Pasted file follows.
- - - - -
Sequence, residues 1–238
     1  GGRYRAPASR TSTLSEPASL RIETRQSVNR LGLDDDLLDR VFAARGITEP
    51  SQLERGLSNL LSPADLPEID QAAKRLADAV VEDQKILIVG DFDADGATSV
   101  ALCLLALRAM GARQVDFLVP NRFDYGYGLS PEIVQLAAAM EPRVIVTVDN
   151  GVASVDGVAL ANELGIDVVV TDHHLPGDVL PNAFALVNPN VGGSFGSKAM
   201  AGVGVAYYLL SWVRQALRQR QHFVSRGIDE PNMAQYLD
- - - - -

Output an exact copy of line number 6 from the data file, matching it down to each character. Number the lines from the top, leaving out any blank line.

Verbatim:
   201  AGVGVAYYLL SWVRQALRQR QHFVSRGIDE PNMAQYLD